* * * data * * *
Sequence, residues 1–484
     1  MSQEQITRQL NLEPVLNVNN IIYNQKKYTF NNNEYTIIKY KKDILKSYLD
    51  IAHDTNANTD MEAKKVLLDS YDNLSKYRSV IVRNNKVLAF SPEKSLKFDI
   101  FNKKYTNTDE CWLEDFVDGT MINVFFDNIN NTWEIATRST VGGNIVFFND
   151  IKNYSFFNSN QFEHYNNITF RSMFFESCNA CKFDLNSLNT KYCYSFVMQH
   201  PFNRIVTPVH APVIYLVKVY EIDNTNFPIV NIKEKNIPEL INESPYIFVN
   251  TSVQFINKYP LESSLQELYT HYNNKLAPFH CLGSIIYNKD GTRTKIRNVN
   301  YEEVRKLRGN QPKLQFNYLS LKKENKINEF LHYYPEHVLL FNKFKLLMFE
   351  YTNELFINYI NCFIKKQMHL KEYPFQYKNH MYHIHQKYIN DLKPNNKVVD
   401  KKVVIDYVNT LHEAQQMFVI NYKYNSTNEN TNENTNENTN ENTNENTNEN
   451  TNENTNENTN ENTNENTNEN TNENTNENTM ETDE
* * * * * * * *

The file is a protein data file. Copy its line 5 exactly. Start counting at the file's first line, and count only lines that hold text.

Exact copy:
   151  IKNYSFFNSN QFEHYNNITF RSMFFESCNA CKFDLNSLNT KYCYSFVMQH